Mumbai’s Dabbawalas Are Using Tiffins to Spread an Important Message on This Organ Donation Day

The dabbawalas are using tiffin carriers to take the message of organ donation to Mumbaikars, besides pledging to donate their own organs too.

The dabbawalas are using tiffin carriers to take the message of organ donation to Mumbaikars, besides pledging to donate their own organs too.

A few months ago we wrote about 7-year-old Deyaan Udani from Australia who tragically lost his life during a holiday in Mumbai. His family decided to donate his organs to four critically ill patients, in accordance with the little boy’s wishes.

Deyaan’s mother said, “Once he asked how he could become an organ donor after seeing my driving licence (in Australia the licence mentions if the person is an organ donor).” After that, he asked to be put on the organ donor list.

This selfless contribution by the Udani family at a time of grief soon evolved into a movement called the Shrimad Rajchandra Organ Donation Programme, a public awareness campaign that encourages and promotes organ donation after death.

Now, the famous dabbawalas of Mumbai have decided to support the Shrimad Rajchandra Organ Donation Programme to promote this cause on the occasion of Organ Donation Day to the people of Mumbai.


About 5000 dabbawalas in the city of Mumbai carry 2 lakh lunchboxes of home cooked meals to offices across the city everyday.  They are highly efficient and their reach is immense.

According to Subhash Talekar, spokesperson for the Mumbai Dabbawalas Association, the dabbawalas are carrying organ donation information and cards along with the tiffins to be delivered to clients everyday. In addition, several dabbawalas themselves have signed up to donate their organs after death.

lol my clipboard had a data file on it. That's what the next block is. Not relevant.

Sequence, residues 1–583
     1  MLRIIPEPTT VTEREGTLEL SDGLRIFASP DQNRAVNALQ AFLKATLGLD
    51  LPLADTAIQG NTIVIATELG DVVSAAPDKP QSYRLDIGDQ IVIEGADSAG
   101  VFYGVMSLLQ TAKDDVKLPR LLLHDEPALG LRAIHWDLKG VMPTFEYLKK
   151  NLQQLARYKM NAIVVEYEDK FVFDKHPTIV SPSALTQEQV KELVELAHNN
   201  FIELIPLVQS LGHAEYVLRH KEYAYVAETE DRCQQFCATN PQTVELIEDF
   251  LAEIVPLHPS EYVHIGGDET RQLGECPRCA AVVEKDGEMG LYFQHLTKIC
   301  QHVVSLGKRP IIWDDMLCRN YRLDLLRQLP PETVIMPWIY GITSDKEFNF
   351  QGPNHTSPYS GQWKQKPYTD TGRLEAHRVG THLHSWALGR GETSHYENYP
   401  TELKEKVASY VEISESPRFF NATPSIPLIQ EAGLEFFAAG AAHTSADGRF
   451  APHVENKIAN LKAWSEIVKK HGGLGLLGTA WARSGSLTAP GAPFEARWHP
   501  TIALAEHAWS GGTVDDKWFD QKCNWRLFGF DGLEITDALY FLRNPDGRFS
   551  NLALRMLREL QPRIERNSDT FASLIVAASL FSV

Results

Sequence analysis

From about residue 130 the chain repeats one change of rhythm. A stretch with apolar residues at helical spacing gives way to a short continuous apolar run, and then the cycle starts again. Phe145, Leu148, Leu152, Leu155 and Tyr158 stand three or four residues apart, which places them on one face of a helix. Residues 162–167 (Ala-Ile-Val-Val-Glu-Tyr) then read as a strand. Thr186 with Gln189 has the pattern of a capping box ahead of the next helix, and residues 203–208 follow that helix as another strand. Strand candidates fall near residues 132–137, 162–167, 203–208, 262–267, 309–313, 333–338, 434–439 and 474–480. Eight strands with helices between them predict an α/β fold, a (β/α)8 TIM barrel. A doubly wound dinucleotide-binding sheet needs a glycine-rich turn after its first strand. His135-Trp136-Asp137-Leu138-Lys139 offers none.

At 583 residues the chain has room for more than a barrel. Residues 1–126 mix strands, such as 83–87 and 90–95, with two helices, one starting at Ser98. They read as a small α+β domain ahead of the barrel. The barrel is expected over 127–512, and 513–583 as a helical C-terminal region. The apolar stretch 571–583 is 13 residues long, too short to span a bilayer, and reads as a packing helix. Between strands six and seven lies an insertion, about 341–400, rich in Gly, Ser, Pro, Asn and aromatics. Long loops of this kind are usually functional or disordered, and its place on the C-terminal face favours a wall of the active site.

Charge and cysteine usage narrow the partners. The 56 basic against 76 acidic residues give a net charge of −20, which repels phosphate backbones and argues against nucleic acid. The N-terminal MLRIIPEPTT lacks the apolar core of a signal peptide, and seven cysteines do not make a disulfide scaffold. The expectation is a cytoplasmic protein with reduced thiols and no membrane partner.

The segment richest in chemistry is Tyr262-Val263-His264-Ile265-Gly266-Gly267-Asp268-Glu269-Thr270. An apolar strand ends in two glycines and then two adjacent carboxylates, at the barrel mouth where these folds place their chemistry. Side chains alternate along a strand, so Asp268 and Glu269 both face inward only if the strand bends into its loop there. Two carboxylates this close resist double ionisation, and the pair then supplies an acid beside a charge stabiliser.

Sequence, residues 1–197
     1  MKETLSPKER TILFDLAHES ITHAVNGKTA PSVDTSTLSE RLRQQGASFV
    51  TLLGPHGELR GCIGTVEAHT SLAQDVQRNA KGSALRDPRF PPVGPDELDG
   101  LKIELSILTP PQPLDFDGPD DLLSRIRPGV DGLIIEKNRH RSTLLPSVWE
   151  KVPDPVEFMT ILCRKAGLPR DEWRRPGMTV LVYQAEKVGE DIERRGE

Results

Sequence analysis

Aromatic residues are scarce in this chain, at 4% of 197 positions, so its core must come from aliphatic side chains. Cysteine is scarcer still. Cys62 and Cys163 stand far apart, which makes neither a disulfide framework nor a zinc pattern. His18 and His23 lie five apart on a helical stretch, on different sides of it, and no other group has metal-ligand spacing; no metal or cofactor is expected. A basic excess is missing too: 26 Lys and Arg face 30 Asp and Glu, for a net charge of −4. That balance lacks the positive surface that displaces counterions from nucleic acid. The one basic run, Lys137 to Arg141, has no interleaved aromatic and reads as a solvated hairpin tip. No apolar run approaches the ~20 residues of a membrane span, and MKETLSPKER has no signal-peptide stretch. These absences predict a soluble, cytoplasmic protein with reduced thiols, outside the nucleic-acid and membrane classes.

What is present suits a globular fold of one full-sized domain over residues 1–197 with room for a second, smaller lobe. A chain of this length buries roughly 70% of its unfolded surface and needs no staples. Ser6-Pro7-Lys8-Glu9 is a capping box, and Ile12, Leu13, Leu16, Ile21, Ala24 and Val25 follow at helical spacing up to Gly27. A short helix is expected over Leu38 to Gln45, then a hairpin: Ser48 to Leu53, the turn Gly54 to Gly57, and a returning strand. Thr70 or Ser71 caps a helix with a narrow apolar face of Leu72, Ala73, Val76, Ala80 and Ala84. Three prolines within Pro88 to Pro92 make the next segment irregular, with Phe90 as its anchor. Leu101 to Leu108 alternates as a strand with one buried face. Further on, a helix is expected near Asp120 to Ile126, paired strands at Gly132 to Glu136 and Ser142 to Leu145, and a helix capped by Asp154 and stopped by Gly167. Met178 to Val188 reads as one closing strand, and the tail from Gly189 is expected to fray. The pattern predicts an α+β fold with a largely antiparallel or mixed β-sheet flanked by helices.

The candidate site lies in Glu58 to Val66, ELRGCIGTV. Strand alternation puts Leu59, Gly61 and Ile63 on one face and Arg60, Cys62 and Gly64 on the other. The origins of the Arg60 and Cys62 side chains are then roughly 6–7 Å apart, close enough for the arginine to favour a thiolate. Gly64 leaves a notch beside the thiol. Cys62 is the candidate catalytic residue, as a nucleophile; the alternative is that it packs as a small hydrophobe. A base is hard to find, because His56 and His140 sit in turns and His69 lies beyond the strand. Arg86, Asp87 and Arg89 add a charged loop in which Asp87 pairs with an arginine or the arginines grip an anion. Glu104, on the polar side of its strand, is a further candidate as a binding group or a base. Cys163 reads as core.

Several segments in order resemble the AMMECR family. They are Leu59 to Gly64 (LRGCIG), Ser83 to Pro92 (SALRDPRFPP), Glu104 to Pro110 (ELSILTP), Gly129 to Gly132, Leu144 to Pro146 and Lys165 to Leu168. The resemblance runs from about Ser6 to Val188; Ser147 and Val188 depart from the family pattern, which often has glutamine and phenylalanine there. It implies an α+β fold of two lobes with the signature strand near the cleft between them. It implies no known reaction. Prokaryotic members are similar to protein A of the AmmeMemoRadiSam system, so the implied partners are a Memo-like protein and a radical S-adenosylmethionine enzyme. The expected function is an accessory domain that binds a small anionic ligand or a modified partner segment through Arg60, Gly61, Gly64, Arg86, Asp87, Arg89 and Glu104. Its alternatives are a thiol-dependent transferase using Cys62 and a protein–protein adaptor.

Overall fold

This is probably the largest ever reach that the Shrimad Rajchandra Organ Donation Programme has been able to garner ever since the inception of the project and the dabbawalas are playing a remarkable role in promoting this very necessary humanitarian cause.


“Someone, probably like me, who wants to donate, might do it by reading this and knowing about it. I think it’s a very good initiative,” said Madhur Bhandari, a professional who has lunchboxes delivered to his office daily by dabbawalas, to NDTV.

“Awareness is lacking, there are myths to be shattered. People still believe that they will be disfigured after they die if they donate their organs. This notion must change and it is changing slowly,” added Dr Bijal Mehta, a trustee of Shrimad Rajchandra Love and Care.

Only 0.01 per cent people in India donate their organs after death – an act that can potentially save eight lives and improve the lives of up to 50 people by donating tissues and eyes. It is this lack of information and awareness that the famous dabbawalas of Mumbai are trying to address with the gargantuan effort they have undertaken with such fervour and enthusiasm.

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